The more radical increase in government spending comes via the liberalisation of the Hecs fees though: this can be expected to double if not treble the government subsidies for education in terms of new loans, which is currently a flow of around 6 billion a year. The government could thus quite possibly lend out an additional 10 billion AUS a year in coming years, or 50 billion over the next 5 years. That is an increase in the size of the government that dwarfs all the other changes, cuts or increases. It will not be counted as new government debt because of the presumption that these loans will be paid back in the future, but, as the UK experience suggests, non-repayment rates can easily go to 30-40%, particularly when the loans are indexed to nominal interest rates and hence blow up quickly for anyone who cannot repay them fast. A 40% non-payment rate would mean an effective cost blow-out of 4 to 7 billion a year, much bigger than any other item on the budget!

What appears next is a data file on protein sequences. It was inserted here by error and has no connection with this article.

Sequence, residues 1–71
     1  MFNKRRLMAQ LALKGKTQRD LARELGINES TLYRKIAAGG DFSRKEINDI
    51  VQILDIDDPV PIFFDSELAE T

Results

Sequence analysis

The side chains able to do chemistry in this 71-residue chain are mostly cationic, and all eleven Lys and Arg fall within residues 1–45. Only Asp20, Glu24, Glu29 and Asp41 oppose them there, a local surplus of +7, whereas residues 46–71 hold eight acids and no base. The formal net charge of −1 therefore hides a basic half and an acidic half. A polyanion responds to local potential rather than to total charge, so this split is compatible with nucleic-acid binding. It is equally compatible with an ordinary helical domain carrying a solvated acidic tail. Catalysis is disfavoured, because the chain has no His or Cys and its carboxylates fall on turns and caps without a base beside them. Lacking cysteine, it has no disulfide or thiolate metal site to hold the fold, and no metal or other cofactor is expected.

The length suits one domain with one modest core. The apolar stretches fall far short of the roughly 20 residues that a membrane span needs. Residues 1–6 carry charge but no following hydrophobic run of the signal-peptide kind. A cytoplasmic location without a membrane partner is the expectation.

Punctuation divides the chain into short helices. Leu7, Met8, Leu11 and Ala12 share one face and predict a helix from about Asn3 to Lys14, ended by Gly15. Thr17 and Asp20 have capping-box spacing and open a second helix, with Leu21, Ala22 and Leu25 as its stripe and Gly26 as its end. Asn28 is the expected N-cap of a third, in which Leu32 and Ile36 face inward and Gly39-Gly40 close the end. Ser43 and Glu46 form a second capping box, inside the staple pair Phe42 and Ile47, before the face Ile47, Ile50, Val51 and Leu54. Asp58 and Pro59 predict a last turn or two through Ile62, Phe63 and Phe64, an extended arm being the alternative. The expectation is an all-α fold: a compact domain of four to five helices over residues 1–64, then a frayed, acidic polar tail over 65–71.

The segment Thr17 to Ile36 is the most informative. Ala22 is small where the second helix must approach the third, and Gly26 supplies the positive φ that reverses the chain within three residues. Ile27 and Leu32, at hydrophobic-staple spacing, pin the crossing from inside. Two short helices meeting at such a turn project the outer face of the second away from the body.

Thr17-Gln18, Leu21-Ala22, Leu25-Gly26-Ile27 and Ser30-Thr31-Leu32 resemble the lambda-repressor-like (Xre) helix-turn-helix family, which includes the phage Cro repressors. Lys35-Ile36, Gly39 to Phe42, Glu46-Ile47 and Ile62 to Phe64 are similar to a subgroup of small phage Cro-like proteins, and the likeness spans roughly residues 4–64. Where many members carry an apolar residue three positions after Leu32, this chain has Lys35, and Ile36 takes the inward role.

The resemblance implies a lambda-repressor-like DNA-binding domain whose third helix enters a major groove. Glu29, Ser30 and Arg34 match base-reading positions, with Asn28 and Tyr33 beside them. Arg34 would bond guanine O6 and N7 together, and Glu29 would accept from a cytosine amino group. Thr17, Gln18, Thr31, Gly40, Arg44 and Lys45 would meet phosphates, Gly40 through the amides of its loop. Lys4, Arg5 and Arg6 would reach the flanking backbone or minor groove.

So just on the proposed changes to Hecs alone, one should see this budget as a massive expansion of government, not a move towards small government at all.

And one should be clear as to whom the winners and losers of this expansion will be: the losers will course be the students and their parents, which is the whole of the middle classes. The winners will be a quite small but well-organised group of top-administrators at the top 10 universities in the country who have lobbied for these changes for years. So for the benefit of a few hundred people, who wield large bureaucracies inside their universities that help them lobby politics on this topic, this government is expanding its involvement via government-backed loans quite massively.